Making Foundation Garments (1780s, 1890s), Part 1 and Some Other Updates due to Bad Luck

This post was meant to be a little different. I lacked motivation the last weeks, but also time. When I finally found the time and energy to sew, my sewing machine decided to leave me far to early. I’ll have to try and get it repaired or to get a new one. So for now I don’t have that much to update you sewing wise. I started some fondation garments, aka my chemise, patterned my stays, tried my best with some embroidery (that I accidently might forget to insert here… it is not that good), bought some fabric and more. I hope you still enjoy, eventhough just half is about actual sewing. I wish you a lot of fun while reading and hope you’ll bear with me.

The white cotton I use for my chemise as well as the chiffon are from Buttinette. I also ordered the two grey fabrics there. The beautiful jaquard I used for my stays as well as the trims shown are from my local fabric store Modesa. Btw. If you are interested in how I finished both of these garments, you can find the second post here:

Now to the actual start that is not that actual anymore:

Starting with my Chemise

In this and the following posts I will discuss making two sets of foundation garments, one for the 1780s and one for the 1890s. Since I have planned two projects for each decade, I thought it might be best to sew these two sets before starting on the actual dresses. Well, at least, that was the plan.

I started with an 1890s chemise using a white lightweight cotton fabric, some lightblue lace and lightblue chiffon. Patterning was both, easy and challenging. I am still not sure if I like it or not. It works for its purpose, but it is not the nicest so far.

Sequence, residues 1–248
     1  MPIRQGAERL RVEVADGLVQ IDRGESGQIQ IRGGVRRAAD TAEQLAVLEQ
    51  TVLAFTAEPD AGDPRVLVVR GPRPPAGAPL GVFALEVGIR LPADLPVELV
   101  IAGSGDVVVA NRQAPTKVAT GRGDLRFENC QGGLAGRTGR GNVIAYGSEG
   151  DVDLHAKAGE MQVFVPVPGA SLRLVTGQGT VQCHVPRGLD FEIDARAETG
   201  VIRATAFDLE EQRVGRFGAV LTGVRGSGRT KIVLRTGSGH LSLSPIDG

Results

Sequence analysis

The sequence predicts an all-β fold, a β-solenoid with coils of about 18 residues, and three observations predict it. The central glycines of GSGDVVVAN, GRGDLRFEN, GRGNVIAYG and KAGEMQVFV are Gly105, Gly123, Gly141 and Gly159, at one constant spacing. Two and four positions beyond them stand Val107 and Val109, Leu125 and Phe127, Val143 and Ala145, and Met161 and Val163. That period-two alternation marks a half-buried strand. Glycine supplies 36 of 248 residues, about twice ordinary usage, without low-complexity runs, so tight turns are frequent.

I cut out the back and front piece and sewed them together with french seams to hide the raw edges. Than I started making the ruffels. I cut a 12 cm wide stripe from chiffon, that is twice as long as the hem. I sewed two sides together, turned the whole thing over to the right side (which was a pain in the neck) and started gathering it.


Off topic (at this time, my machine was still working. So you can blame me for the interruption with unnecessary details): In the last two weeks I switched my bedroom and my office. My sewing- and bedroom now is in the smaller room, but like this I can get the most out of the space I have.  I’m really happy with the decision. I still sew outside on my dining table whenever I need my machine, but for hand sewing, patterning etc. I have a nicer place now.  Here is what my sewing room (or sewing edge) looks like:

And I finally bought a mini tripod for my iPhone. The era of shaky selfies is over now 👻. I really began to enjoy photography and I want to improve (and I have a lot to learn…). The tripod  is a small step, I know, but I’m not going to miss my arm situations or taping my iphone to my shelfs. I’d love to invest in a camera but for now my iPhone has to do the job. Studies first, expensive equipment second 🤗 (05.06.2017: A little Update here -It is already broken… Maybe expensive isn’t that bad at alk… Bad luck strikes :P)